Katrina Q&A with Mayor A.J. Holloway

Here are comments from Mayor A.J. Holloway, as reported tonight at 10:45 CT.

What is the status of things in Biloxi at the moment?

We have a fire department of about 200 firefighters, and two-thirds of those people – two of our three shifts – are on duty now, and our police department has also ramped up, and we have plenty of officers patrolling the streets.

There’s going to come a point in time when we’ll have to pull our people off the streets.

With the 9 p.m. curfew, we don’t expect to see anyone on the streets, and our police will be stopping and questioning any one they come across. This curfew is in effect until further notice, because the latest reports we have are to expect winds at 75 mph starting around 6 Monday morning in Biloxi, and gradually increasing to as high as 140 mph. The storm surge would be as high as 24 to 28 feet, the forcasters are saying.

What has been one of the most important messages you’ve been communicating to Biloxi residents?

We’ve worked throughout the day today doing the things we needed to be doing – staying on message and warning people to evacuate, and making sure they knew the severity of this storm. We actually started this process years ago with our annual storm preparedness mailouts.

Biloxi has been through hurricanes through the years. How is this threat different?

We’re facing the worst case of a worst case scenario. We went through Camille 36 years ago this month, but we have so much more to lose these days — $5 billion worth of investment along our waterfront, 15,000 new jobs since 1992, and growing numbers of visitors each year. In fact, we’ve seen the number of visitors to our city grow from a million a year to between 10 and 12 million a year now.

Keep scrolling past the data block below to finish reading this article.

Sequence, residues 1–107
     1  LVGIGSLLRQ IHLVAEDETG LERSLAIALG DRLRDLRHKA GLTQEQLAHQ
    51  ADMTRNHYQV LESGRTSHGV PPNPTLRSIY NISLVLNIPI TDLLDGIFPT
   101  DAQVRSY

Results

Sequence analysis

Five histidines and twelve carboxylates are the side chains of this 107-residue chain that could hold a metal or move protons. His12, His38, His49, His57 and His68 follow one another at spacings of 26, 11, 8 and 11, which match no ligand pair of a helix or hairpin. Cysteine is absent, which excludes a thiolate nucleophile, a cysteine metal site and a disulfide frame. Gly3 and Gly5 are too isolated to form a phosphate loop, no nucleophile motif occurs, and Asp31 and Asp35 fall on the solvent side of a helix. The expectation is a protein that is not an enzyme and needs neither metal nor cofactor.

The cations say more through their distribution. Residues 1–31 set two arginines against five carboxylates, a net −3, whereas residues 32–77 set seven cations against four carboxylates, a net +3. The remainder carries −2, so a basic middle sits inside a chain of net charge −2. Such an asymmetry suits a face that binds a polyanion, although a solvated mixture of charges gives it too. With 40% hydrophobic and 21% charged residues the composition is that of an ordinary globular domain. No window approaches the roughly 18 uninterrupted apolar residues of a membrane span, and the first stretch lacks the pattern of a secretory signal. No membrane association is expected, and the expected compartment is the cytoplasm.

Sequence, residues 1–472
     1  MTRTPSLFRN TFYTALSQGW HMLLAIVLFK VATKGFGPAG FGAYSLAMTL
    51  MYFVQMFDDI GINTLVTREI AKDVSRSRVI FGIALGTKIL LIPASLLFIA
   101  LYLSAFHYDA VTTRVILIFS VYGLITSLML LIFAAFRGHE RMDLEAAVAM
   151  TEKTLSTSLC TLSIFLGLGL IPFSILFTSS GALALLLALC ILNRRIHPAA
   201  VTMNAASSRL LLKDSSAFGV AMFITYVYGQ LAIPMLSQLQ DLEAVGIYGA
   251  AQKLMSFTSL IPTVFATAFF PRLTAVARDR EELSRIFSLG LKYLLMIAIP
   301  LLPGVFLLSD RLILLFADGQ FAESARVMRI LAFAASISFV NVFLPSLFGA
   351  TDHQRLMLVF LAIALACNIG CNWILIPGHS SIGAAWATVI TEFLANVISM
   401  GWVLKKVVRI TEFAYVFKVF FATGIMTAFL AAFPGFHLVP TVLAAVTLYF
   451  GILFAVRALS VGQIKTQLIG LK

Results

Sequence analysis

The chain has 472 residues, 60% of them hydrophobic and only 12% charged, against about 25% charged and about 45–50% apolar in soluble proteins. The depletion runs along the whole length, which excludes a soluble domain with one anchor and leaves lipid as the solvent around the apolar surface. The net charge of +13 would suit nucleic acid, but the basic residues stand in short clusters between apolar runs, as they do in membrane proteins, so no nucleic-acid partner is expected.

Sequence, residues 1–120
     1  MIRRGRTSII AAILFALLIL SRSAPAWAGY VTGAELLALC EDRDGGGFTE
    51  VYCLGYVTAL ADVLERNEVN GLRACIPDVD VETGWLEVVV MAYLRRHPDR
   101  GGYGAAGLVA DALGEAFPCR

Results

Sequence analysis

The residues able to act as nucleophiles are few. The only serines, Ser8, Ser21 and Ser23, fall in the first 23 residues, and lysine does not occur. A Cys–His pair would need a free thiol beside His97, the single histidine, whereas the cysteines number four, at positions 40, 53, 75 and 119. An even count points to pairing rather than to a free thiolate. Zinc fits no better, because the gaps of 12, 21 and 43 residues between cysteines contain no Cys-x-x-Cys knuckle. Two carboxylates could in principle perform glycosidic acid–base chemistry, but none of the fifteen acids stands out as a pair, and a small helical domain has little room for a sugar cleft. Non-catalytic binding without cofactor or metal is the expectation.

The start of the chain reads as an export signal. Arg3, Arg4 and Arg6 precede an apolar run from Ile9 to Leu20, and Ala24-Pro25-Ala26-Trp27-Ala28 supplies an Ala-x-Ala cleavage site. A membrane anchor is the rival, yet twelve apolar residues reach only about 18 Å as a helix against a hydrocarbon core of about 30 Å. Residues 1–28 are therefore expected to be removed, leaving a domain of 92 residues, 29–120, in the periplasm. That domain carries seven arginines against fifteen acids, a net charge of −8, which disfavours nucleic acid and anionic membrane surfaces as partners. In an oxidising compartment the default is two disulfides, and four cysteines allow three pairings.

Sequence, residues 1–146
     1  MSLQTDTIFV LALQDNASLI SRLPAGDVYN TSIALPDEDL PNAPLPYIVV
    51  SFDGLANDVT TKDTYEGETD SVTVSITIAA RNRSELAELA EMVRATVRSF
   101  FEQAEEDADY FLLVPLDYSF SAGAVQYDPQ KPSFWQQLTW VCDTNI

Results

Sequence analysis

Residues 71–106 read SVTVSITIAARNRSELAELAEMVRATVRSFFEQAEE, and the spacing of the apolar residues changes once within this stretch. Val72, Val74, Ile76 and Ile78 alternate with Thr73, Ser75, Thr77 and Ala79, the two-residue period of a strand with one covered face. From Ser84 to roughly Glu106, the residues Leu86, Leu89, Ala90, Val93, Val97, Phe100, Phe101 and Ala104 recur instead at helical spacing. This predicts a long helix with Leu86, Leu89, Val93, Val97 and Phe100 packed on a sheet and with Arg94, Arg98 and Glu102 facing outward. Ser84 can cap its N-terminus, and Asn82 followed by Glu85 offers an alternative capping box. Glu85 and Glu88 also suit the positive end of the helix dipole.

At the same time, we are better prepared today to deal with storms than at any other time in our history.

How do you think the floating casino barges will fair along Biloxi’s shoreline?

Casino mooring systems are designed to withstand winds of 155 and a tidal surge of 15 feet, so this will be a huge test, considering we’re now being told winds could get as high as 140 mph sometime Monday and a storm surge as high as 28 feet.

What happens next?

Right now, we’re doing what we can on the streets, and we’re also looking to the next step, and that’s the aftermath. Heavy equipment has been pre-positioned around the city to have it ready to clear streets.

We worked with FEMA a few months ago and we already have a debris-removal contactor in place, and we expect him to hit the ground running once this storm passes.

We expect major damage. We expect power to be interrupted. We expect to have a lot of challenges, but we also expect – and we know – -that the people of Biloxi have been survivors for 300 years now and we’re going to survive this.

Three public shelters are operating in Biloxi at this time – at public schools. About 1,100 people are in those shelters, and one of the locations, Biloxi Junior High School, has room for a few hundred more, so we’re OK as far as capacity.

People need to stay where they are at this point, and continue to monitor the news reports. We’re going to get through this.

To see photos from this morning and this afternoon, click here.